Destruction AllStars Review: Return of the weekend rental

Destruction AllStars

In a year like 2021, I think Destruction AllStars is the video game vibe we may all be looking for. Last year, Animal Crossing: New Horizons gave us solace, somewhere peaceful to retreat to as the world fell apart. Among Us would later change that vibe to something more aggressive. It allowed us to reconnect through the magic of throwing baseless accusations at your friends. Destruction AllStars is the logical endpoint of this short evolution — consequence-free vehicular manslaughter, property damage, and funny emotes.

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Destruction AllStars is the video game equivalent of a Spider. A Spider is an Australian confection, the combination of soft drink and ice cream in a single cup. It is a flavoursome combination of different textures and ingredients that shouldn’t work, but do. Crucially, it’s full of sugar.

Destruction AllStars is a vehicle combat game by developer Lucid Games that draws heavily on the Destruction Derby titles of old. It takes that aging formula and updates it for modern audiences by pulling from current multiplayer flavours of the month. Players choose from a roster of animated heroes with unique abilities and beat the hell out of each other in arena combat.

Cars slam into each other at pace, shearing parts of the body away and affecting stability. Using the right control stick, you can deliver devastating head-on charges or jarring sideswipes. Deal enough damage to enemy vehicles to take them out of the fight and collect points. Take enough damage to your own vehicle and it will detonate. Mayhem mode counts all the points you’ve earned and tallies them against everyone else in the match. The player with the highest score wins.

Duck and weave

Once the vehicle detonates, your character is flung, defenceless, into the arena. Now on-foot, you need to find another car and you need to find it now. You’re not helpless when on foot by any means. You can dodge incoming vehicles and, if you’re fast enough, even steal them from other drivers on the fly. This is accomplished by landing on a moving vehicle and completing a short quick-time event. Alternatively, you’ll have to find an unused car above the arena you can steal. The moments you’re on foot are among the game’s most tense. You are a small and highly mobile target, but still attractive to other players. You’ll need to learn to dodge like Spider-Man if you want to get your next car.

Like the Spider, the combination of said flavours here should not work as well as it does. Mashing Rocket League, Overwatch, and Destruction Derby into a single game feels ambitious, to say the least. Add the confident swagger of Fortnite as the cherry on top and you have the makings of something truly obnoxious. It should be too cluttered and at war with itself to ever generate a game that’s actually fun to play. But it is. It’s great fun.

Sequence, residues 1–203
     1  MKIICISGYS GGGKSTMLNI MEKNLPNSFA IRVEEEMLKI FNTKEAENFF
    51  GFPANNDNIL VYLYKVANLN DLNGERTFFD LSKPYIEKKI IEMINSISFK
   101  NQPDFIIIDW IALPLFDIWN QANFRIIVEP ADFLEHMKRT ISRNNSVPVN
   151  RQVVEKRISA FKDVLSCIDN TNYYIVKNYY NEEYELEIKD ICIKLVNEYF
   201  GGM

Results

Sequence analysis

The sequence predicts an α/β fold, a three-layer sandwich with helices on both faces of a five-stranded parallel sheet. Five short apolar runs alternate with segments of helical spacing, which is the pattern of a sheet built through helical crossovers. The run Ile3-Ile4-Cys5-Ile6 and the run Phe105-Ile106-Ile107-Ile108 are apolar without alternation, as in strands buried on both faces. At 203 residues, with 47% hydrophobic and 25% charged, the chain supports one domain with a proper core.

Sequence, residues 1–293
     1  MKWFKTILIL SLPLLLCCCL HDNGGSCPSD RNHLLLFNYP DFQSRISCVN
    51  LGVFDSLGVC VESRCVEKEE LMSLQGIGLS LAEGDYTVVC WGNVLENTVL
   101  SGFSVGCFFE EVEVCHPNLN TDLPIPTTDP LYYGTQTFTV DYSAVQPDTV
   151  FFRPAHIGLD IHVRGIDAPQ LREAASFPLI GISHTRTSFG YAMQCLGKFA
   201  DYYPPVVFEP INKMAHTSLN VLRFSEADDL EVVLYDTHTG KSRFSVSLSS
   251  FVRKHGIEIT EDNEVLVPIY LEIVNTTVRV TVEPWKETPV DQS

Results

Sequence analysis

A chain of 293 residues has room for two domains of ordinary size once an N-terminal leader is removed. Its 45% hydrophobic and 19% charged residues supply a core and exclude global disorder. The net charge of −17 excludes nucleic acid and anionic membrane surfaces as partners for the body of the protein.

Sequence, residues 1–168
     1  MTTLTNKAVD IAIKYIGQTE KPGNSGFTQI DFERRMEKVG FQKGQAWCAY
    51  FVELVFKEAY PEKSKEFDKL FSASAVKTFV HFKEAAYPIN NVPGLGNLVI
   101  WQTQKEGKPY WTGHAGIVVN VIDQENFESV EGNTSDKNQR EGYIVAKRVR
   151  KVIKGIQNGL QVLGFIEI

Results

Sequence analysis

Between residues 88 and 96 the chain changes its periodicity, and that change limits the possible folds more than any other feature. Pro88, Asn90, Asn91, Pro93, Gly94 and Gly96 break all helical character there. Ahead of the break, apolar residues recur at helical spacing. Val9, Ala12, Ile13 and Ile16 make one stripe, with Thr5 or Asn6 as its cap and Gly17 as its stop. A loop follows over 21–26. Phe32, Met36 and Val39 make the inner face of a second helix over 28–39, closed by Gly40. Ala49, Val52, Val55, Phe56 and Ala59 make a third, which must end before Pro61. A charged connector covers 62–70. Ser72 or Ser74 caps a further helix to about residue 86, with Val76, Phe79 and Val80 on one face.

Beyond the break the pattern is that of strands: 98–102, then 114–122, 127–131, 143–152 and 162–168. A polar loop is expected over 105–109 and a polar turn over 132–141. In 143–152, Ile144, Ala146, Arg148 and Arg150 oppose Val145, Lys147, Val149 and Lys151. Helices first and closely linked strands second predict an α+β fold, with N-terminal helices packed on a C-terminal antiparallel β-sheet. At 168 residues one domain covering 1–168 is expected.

For a couple of hours at least. Because Destruction AllStars is connected to 90’s nostalgia in more than one way.

Short, fast, fun

Destruction AllStars would be perfectly at home on the shelf at a video store in 1995. In many ways, it would be the perfect weekend rental. There’s only a couple of modes. The gameplay isn’t terribly deep. It’s fun in short bursts, but wears out its welcome quickly. You could play it with friends on Saturday night and drop it back in Sunday afternoon.

This lack of longevity will, I think, be the game’s major downfall. There’s only two real online modes, one of which is the classic arena battle and the other a Fall Guys-esque battle royale where the floor falls out from under the arena. It feels like it was supposed to launch with quite a bit more content, but Work From Home measures meant scaling back. What’s there has clearly been taken to 11. Its 16 hero designs are fresh and fun to look at. The cars are suitably muscular and feel weighty to drive. The DualSense’s capacitive triggers are put to great use, applying extra pressure to the accelerator trigger so you feel the moment the tyres grip, launching you into the fray.

Final thoughts

I think giving Destruction AllStars away for free on PlayStation Plus was the wisest move Sony could have made under the circumstances. Trying to position it as a full-priced launch title would have been a tough sell indeed. As it stands, there’s a lot to like about the game but it isn’t enough to keep me there. I’m happy to play a couple of rounds and then I’m ready to put it down. But man, smashing my friends up is a damned good time while it lasts. We’re feeling a bit punchy in 2021, and this is a fast, tactile way to work through that.

Good on Lucid for trying something so daring though. I’m keen to see what they produce next.

THREE STARS (OUT OF FIVE)

Highlights: Cool blend of many multiplayer greats; Slick visuals; Smart use of DualSense
Lowlights: Very lightweight; Wears out its welcome quite quickly
Developer: Lucid Games
Publisher: Sony Interactive Entertainment
Platforms: PlayStation 5
Website: PlayStation.com
Available: Now

Review conducted on PlayStation 5 with a retail copy downloaded from the PlayStation Plus storefront.

David Smith

David Smith is the games and technology editor at The AU Review. He has previously written for PC World Australia. You can find him on Twitter at @RhunWords.

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